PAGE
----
The fact is we know next to nothing.
Now is the field season and chance for ant observations, yet each new discovery prompts more questions, as on Terry Pratchett’s Discworld, pushing back the boundaries of ignorance.

We knew aphid honeydew was an important dietary component (an ant energy drink) and expected oak, birch, and gorse aphid farms, with the occasional caterpillar or spider scavenged for protein.
We didn’t anticipate fibrous bobbles of insect frass and wormy snail pooh fetched back to the nest, for purposes not quite certain, possibly building material. Also bracken nibbling, repeatedly at a bruised stalk, and tending moth larva in rolled up birch leaves.

And it’s not just eating habits. We GPS-logged locations of 135 nests, 140 nests, 138, 153, 146, 168 nests… The numbers change as quickly as the scurrying ants themselves.
The spring snapshot survey recorded 135 nest structures on the main site compartment, but we’re aware nest generation can be quick – one study found nest material shifted from one location to another within 24 hours. Not just moving house; it’s deconstructing a whole block of flats and rebuilding it, structure and contents. As well as nests moving around, we find new vigorous mini-satellites have popped up since the last site visit. Some small nests have grown to busy city blocks; others have disappeared; sometimes large nests lapse into inactivity and are abandoned; others have stayed put and gradually expanded their diameters over years.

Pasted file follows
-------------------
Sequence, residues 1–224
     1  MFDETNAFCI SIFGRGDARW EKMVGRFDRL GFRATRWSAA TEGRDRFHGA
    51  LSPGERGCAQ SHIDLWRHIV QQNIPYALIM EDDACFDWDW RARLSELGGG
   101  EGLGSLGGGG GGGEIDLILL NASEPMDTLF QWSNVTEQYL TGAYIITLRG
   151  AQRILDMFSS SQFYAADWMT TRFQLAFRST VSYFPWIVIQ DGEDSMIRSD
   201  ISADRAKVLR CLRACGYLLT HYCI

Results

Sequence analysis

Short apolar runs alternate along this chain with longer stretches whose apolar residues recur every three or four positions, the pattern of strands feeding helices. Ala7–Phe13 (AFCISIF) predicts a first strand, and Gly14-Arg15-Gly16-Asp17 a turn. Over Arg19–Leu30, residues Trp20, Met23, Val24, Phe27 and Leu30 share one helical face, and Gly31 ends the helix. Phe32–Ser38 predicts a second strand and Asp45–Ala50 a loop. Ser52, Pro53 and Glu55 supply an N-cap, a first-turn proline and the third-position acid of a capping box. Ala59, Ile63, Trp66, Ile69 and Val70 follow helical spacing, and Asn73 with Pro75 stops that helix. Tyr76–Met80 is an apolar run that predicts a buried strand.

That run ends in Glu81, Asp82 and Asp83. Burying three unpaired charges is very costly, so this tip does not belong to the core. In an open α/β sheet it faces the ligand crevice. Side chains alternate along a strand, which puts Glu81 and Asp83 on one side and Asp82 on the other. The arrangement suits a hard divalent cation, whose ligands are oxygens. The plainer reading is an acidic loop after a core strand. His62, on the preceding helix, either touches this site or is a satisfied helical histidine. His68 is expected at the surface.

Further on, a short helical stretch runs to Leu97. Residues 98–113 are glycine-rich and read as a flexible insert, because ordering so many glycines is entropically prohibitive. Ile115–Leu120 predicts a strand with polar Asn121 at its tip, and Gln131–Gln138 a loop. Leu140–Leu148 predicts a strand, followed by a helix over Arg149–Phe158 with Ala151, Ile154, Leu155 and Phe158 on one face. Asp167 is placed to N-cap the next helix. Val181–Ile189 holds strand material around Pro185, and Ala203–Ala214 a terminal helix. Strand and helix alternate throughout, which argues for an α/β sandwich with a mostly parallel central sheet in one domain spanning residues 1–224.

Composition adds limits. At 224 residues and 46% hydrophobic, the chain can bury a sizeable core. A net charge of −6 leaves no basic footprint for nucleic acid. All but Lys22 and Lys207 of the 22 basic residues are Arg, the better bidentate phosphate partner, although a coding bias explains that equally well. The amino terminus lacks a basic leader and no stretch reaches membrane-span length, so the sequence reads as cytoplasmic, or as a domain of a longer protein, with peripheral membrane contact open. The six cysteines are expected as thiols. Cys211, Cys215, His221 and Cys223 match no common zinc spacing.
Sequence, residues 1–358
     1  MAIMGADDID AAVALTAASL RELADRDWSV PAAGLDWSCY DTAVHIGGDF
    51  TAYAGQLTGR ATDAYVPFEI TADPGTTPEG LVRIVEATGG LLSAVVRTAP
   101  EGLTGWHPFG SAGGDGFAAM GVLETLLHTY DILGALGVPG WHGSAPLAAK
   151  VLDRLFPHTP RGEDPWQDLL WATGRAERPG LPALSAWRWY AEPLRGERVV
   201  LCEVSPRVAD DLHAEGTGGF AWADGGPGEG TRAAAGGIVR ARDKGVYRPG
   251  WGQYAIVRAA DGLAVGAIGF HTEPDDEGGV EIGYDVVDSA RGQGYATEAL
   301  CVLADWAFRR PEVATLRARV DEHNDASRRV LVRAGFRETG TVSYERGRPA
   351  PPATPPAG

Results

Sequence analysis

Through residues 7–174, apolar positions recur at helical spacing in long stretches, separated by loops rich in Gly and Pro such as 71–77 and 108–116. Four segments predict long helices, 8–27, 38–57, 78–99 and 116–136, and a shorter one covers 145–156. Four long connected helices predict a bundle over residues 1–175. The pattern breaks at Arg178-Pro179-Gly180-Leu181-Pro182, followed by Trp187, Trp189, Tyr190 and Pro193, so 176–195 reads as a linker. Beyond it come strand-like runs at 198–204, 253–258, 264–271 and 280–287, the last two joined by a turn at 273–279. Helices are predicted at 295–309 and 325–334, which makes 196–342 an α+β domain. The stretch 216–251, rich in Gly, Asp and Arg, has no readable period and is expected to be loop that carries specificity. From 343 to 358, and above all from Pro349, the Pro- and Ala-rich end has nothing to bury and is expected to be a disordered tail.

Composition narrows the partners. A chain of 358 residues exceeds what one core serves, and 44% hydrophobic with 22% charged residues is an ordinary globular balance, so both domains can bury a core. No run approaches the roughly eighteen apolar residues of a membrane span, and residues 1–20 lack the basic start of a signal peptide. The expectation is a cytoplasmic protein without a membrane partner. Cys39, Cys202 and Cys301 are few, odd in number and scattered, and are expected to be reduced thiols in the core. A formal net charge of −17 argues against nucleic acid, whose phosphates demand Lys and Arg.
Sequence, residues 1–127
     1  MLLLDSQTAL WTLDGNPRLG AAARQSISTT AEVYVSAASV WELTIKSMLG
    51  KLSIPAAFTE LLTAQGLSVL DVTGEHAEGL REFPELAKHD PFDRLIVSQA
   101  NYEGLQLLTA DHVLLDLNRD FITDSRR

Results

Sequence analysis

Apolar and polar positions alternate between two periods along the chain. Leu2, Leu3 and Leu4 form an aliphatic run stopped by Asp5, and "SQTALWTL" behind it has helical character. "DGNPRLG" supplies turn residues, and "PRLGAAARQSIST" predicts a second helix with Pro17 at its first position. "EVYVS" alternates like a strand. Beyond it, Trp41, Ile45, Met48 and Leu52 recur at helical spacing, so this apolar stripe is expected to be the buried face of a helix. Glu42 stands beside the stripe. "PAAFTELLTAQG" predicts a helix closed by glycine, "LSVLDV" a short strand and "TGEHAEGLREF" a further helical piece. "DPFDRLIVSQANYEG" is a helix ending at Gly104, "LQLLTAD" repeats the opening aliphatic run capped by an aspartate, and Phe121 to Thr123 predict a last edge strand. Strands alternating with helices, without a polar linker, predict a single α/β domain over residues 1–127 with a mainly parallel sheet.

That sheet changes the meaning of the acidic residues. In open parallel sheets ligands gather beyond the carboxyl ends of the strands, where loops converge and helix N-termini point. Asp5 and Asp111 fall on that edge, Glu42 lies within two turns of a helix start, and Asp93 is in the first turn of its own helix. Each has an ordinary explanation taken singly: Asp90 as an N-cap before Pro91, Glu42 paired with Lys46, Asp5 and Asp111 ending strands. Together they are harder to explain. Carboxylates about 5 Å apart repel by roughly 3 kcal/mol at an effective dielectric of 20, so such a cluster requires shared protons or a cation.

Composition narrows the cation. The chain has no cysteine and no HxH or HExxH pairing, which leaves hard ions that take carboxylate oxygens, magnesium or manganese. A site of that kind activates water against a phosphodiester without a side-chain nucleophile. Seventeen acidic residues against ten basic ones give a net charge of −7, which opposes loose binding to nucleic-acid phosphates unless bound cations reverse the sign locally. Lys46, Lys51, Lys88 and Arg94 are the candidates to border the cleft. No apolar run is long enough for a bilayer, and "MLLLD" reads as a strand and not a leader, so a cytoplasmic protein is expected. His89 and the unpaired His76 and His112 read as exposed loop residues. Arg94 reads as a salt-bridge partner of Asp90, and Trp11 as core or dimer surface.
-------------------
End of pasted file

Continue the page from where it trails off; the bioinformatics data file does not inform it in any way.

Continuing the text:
An advantage of smaller ant colony sizes must be that they can be fleet of foot, or feet, in response to transient conditions. But it plays havoc with our nest census, and working out which nests might be the most thriving, and therefore promising, for raising new queens. It’s like keeping track of a multi-dimensional chess game.

We need to give it a try though.
We’ve embarked on some homemade low-tech citizen science, marking and watching ants, where they go and what they do, keen to discover more especially about Narrow-headed Ant foraging and ranging behaviour: how far from the nest, types and numbers of prey, whether returning to the same nest, or a different one. It seems there’s a multiplicity of answers and possibilities. Some individuals act as nest defenders, happy to bite first and ask questions later; whilst so engaged these can be dabbed deftly with marker paint. Others away from the nest, foragers and explorers, are more evasive, hard to catch, swift as orange-brown quicksilver. Strategically placed segments of apple or pear, proxy honeydew, preoccupy them long enough for us to add some careful paint blobs.

Worker takes prey item, queen to new nest – checkmate.


Stephen Carroll

Narrow-Headed Ant Back from the Brink Project Manager